Review – Taste of Poison by Terry don Foley
A tale of betrayal in South America, told over several decades and involving drug cartels, bombs and lots of attractive people having lots of sex, I’m not really sure what to make of Taste of Poison. The first in a series of books, ‘based on fact with lots of sections that may be true or not’, as the author puts it, its an odd cookie.
Trying to be a bit of everything, the different strands of the story slowly weave together, as we follow the perspectives of a Texan dumped into South America after being found with a cartel bosses daughter, and the brother of said daughter, Leonardo (there are other perspectives, but they tend to exist just long enough to help those characters before leaving the book). As the years pass by, we get to see these characters shift and change, becoming the sort of manly men you would expect to find in a Mills and Boone novel*. Now, nothing unusual about that. The structure is where it gets odd.
You see, Taste of Poison wants to be more than a mildly erotic crime thriller. It wants to change your world. So the book is broken up into short chapters of between a page to 10 pages, with a philosophical saying or comment that relates to the last chapter or the one coming or chapters where characters relate parables that life has taught them. Except most of them don’t mean anything so after a while, the book began to remind me of the worst parts of the Resident Evil videogame series (with its notorious amount of loading screens), a saying popping up every page or two to allow the book to figure out what it wants to throw at you next.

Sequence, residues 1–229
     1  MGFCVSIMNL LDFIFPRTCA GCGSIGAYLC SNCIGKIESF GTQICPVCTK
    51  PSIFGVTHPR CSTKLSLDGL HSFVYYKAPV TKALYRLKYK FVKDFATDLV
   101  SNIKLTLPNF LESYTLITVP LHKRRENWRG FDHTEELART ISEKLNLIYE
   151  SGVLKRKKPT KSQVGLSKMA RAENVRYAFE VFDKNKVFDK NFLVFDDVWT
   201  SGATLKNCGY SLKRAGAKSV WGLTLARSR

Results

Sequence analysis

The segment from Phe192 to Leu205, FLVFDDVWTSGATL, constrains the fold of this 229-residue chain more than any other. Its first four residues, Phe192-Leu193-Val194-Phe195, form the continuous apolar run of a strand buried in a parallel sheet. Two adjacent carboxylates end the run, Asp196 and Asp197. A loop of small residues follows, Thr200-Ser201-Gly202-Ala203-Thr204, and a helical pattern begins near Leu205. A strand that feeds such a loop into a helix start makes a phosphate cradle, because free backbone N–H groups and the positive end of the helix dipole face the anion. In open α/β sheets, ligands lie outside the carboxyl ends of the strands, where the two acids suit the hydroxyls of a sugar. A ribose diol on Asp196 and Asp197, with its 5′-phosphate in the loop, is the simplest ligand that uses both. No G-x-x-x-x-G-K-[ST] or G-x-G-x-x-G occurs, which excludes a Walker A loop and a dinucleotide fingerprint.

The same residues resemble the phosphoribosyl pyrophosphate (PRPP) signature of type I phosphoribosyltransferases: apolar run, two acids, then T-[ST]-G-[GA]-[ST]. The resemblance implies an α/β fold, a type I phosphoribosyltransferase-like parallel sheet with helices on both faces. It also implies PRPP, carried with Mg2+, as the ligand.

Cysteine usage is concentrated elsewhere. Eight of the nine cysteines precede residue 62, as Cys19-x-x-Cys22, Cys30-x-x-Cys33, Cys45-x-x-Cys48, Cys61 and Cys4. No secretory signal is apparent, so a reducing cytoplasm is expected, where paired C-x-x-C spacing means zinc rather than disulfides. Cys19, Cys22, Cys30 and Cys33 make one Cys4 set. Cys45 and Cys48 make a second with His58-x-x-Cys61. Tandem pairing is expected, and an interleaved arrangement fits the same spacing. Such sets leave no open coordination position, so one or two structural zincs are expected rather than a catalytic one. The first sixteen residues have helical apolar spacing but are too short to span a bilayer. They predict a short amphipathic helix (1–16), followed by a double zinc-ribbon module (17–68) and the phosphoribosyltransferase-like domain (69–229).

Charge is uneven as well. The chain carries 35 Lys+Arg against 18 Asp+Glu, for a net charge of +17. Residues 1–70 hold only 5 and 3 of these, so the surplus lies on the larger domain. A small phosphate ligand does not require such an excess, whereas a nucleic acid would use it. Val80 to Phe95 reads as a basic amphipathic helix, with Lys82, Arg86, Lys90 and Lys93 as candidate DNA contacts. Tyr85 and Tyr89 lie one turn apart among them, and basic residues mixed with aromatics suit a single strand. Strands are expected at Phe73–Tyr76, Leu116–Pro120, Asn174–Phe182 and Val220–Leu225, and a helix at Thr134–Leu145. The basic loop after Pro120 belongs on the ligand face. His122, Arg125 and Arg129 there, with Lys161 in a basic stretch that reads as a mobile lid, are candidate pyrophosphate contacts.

Now the story is well crafted, I’ll give it that. I just don’t think there’s enough story to justify more than one book. If you stripped out half the extraneous stuff and rounded off the ending in this book it would be a lot more satisfying. To use another poor analogy, this book felt like some of the older episodes of Doctor Who, where to pad out time they would artificially expand it with companions being kidnapped over and over again.
In the end, I don’t think I’m judging the book in the right context. Were I a 30 something who had picked this up on vacation, reading it absent mindedly between doing other things, I’m sure I would have had fonder memories of it. But outside of that setting, its rather forgettable. Grab it when you go on vacation next.
*** 3 STARS